Rational economics

I was listening this morning to a [recent episode](http://media.libsyn.com/media/skepticality/069_skepticality.mp3) of the great podcast [Skepticality](http://www.skepticality.com/index.php), and I was very struck by a question host Swoopy asked of interview-ee Michael Shermer, talking about his [new book](http://www.amazon.com/Mind-Market-Compassionate-Competitive-Evolutionary/dp/0805078320) on economics and psychology:

> What do we do […] to make better rational choices and fewer emotional ones.

Dr Shermer gave a good answer about being aware of the tricks marketers play and the findings of economic psychology.

I have a slightly different answer: why should we?

There’s a lot of talk around (especially in the Australian media) about how experimental economics is showing “people aren’t rational”, of limits to rationality. Some of this is very good and interesting. Part of the problem is the word ‘rational’. When most economists use it they’re talking about a *very* narrow technical definition, that has little to do with the other dictionary meanings. That confuses a lot of people.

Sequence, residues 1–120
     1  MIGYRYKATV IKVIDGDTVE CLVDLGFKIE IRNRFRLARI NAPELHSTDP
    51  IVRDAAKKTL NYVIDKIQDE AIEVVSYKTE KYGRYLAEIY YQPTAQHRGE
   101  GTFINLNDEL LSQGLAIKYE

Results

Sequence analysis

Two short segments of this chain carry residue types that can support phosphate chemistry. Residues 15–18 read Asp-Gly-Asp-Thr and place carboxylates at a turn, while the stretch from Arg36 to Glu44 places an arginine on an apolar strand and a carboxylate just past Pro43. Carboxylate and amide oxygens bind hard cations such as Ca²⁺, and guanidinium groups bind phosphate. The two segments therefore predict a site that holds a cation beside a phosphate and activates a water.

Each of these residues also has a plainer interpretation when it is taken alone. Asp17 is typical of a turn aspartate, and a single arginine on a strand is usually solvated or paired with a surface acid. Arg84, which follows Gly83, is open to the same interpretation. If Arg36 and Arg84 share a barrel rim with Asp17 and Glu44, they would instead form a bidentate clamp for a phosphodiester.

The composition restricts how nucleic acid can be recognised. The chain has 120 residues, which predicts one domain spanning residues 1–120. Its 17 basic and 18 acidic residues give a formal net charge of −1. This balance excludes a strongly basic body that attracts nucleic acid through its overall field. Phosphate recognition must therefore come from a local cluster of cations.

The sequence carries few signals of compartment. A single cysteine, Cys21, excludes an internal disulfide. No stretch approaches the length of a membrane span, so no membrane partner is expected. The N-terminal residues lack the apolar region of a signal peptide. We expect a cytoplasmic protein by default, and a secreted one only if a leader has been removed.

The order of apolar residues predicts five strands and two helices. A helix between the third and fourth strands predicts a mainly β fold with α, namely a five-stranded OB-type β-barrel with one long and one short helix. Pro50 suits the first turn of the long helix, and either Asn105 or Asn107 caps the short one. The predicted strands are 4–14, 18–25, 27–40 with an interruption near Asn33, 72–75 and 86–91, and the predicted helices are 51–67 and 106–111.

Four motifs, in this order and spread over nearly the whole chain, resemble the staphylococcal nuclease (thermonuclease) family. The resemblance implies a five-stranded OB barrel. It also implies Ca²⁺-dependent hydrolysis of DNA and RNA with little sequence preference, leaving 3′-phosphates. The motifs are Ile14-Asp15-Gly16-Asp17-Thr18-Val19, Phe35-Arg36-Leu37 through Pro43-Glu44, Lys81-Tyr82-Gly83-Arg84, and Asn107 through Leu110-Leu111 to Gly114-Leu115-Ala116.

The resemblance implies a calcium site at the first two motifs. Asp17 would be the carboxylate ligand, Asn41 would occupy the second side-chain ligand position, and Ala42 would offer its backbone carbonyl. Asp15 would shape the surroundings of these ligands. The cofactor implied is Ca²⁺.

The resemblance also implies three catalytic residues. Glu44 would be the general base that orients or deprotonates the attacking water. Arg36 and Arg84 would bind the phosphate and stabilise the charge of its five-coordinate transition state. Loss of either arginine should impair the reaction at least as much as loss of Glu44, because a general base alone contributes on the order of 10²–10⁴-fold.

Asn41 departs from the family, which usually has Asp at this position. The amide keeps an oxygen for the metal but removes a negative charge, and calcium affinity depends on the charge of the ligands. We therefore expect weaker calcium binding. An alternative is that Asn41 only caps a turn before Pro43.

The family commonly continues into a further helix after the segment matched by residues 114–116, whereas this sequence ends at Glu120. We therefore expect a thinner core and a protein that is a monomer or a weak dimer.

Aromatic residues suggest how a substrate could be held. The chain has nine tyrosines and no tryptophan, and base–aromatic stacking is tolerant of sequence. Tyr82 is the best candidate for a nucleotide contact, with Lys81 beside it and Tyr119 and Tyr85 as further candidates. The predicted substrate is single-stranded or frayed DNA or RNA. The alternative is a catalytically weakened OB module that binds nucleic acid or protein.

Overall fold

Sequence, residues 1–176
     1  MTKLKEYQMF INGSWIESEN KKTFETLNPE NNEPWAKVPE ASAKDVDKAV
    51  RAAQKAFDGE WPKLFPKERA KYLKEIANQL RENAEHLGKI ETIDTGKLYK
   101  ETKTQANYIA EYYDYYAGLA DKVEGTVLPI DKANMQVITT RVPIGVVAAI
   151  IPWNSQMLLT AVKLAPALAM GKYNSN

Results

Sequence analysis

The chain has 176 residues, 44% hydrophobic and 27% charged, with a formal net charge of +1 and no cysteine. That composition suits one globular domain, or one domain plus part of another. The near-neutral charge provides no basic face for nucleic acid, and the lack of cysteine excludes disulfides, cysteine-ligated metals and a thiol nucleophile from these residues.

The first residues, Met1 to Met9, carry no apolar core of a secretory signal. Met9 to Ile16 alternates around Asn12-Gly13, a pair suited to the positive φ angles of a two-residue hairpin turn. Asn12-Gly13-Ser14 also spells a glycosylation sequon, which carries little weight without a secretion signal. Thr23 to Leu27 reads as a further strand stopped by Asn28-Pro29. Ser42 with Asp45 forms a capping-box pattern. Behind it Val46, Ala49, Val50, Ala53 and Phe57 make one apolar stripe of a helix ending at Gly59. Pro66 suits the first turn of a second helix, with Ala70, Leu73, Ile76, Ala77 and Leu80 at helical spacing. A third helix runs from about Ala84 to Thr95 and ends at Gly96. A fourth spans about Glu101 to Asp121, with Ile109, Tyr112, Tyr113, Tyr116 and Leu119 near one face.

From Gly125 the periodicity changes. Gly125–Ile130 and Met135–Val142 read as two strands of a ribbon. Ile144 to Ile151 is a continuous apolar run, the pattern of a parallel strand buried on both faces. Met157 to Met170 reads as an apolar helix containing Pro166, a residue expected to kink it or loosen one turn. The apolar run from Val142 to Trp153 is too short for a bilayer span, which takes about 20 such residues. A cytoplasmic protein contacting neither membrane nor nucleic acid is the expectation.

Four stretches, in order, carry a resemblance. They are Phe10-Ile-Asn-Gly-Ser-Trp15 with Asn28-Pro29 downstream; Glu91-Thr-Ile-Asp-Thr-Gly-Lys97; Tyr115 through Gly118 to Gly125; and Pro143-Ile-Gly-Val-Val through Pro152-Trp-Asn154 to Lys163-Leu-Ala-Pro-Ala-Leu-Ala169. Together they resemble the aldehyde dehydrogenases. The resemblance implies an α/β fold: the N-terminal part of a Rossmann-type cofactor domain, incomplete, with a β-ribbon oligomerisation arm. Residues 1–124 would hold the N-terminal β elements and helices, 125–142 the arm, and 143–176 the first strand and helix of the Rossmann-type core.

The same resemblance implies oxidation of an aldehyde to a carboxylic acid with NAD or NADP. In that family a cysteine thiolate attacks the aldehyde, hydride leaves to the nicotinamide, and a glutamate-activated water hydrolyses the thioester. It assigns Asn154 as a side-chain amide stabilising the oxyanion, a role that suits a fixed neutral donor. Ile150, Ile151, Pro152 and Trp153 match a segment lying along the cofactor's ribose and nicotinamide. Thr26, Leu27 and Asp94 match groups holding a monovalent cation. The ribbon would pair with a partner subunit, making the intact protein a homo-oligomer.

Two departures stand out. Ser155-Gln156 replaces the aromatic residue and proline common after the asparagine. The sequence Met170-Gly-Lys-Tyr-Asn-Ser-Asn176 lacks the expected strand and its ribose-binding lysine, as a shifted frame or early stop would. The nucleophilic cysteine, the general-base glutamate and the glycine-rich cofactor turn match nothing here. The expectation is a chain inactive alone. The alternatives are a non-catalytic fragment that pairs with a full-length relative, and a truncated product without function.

But there are also a lot of value judgements tied up in most people’s view of rational. For instance, I want to lose weight, but I also want to eat that chocolate bar. Is it ‘irrational’ if I do eat the chocolate bar? Of course not, it just reflects my preferences or discount rates at the time.

So, if our emotions would lead us to choose one thing, but the ‘rational’ choice is something else, is there any reason to think that it’s always better to choose ‘rationally’? Sometimes, sure. If it makes sense to go to another store for $50 off a $100 iPod, it also makes sense to do it for $50 off a $10,000 TV. But the chocolate bar is still a perfectly reasonable choice to make, even if it’s not what you’d choose from some other circumstance. Preferences don’t have to stand still all the time for people to be rational.